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Supporting Private View State

In addition to the application view state, you can use automatic services to maintain private state information for an ASP.NET mobile control. When a mobile control maintains internal information, it is recommended that you do not depend on application settings to persist such information; instead, write the application so that it uses a private view state. Examples of private view state include the currently active form on a page, pagination information about a form, and device-specific decisions made by a control's adapter.

A private view state differs from an application view state in a number of ways. It is written out with the rendered page, rather than saved in session state. It also cannot be disabled by the application. And because all private states are dynamically generated, the tracking semantics used for an application view state do not apply to a private view state.

To use a private view state, a control must override the LoadPrivateViewState and SavePrivateViewState methods. These work the same way as the LoadViewState and SaveViewState methods. Do not write your controls in such a manner that they use application view state mechanisms, such as the ViewState state property, to save settings that are part of a private view state.

Control adapters can also participate in a private view state. A control adapter can implement the LoadAdapterState and SaveAdapterState methods. These are called from the MobileControl base class implementation of the LoadPrivateViewState and SavePrivateViewState methods, respectively.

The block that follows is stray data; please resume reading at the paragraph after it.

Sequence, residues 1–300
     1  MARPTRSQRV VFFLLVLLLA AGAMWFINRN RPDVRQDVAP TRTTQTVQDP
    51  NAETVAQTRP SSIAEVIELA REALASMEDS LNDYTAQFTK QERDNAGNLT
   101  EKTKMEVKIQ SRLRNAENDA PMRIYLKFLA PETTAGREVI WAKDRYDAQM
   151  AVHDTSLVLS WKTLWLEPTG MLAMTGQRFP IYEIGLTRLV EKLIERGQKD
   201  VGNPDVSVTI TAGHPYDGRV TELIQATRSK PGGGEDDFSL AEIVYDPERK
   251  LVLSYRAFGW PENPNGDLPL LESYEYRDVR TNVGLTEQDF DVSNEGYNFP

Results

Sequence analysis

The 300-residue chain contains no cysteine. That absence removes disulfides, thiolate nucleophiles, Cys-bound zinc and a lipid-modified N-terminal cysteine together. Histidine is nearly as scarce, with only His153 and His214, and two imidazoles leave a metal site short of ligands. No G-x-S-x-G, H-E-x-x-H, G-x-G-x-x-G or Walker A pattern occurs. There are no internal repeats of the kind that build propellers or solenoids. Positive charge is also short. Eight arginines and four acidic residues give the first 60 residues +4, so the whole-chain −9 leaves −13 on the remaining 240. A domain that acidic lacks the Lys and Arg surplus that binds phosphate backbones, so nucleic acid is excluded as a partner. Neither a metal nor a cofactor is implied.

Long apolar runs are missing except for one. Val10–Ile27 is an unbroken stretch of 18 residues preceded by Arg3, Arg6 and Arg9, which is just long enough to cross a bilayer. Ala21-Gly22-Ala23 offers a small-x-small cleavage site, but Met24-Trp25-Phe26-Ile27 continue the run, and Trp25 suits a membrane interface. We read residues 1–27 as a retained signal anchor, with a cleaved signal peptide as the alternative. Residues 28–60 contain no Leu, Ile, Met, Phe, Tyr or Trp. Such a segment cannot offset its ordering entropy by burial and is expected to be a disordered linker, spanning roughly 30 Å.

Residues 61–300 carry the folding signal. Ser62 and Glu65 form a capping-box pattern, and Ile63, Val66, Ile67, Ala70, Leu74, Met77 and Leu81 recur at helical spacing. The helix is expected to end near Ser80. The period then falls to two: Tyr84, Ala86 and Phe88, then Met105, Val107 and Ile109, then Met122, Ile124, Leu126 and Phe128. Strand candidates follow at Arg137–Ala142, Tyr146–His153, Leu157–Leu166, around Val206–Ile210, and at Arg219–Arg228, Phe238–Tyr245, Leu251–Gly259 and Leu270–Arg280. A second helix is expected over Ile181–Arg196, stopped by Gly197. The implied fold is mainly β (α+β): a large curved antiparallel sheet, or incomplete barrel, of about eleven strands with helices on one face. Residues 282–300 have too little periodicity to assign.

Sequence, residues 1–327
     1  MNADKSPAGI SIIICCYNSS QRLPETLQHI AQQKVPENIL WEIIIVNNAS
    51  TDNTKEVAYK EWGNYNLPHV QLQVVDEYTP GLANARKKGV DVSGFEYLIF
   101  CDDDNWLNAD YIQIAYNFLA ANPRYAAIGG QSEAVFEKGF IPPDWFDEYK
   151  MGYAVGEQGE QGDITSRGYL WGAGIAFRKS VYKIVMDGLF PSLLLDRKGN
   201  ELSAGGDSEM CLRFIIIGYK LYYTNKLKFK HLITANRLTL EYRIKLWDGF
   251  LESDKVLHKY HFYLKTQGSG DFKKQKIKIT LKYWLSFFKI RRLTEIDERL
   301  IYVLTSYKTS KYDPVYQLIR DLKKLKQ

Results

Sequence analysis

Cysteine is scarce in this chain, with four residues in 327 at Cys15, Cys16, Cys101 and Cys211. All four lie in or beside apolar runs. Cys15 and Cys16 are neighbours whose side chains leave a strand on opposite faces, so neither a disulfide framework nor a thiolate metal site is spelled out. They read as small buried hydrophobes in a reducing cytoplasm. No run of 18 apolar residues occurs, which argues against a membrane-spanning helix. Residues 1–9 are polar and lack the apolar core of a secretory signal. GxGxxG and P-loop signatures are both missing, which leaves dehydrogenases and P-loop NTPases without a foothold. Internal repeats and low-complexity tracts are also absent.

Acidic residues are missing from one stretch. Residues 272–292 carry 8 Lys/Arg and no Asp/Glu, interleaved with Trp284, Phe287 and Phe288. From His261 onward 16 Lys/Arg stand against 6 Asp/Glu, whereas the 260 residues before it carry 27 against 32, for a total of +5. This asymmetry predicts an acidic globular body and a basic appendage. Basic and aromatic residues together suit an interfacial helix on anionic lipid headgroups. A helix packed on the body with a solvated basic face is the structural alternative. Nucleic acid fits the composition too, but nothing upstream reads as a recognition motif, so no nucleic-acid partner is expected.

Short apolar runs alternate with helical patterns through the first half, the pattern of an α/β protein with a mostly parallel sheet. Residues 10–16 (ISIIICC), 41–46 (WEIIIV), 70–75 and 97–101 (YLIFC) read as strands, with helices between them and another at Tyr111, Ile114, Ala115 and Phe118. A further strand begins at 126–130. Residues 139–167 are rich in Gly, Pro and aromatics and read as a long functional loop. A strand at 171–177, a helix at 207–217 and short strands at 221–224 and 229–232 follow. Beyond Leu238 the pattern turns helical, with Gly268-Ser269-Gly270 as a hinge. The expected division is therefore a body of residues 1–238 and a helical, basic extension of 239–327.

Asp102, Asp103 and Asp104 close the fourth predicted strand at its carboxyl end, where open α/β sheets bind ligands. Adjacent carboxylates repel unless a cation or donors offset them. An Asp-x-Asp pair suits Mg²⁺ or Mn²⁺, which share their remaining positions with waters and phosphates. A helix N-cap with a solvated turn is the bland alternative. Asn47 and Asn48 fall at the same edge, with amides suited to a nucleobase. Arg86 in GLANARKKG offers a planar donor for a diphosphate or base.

Because a private view state is written out to the client and is not under application control, your mobile controls must use a private view state as efficiently as possible. The following example illustrates one technique for optimizing a control's implementation.

[C#]

protected override Object SavePrivateViewState()
{
    Object baseState = base.SavePrivateViewState;
    Object myState = GetMyState();

    if (baseState == null && myState == null)
        return null;
    else if (myState == null)
        return baseState;
    else
        return new Object[] { baseState, myState };
}

protected override void LoadPrivateViewState(Object state)
{
    if (state is Object[])
    {
        Object[] arr = (Object [])state;
        base.LoadPrivateViewState(arr[0]);
        LoadMyState(arr[1]);
    }
    else if (state != null)
        base.LoadPrivateViewState(state);
}

If a control does not have any private view state to save, return a null reference (Nothing in Visual Basic) from the SavePrivateViewState method. Also, you do not need to save properties that are currently set to their default values with a private view state.

See Also

Supporting View State

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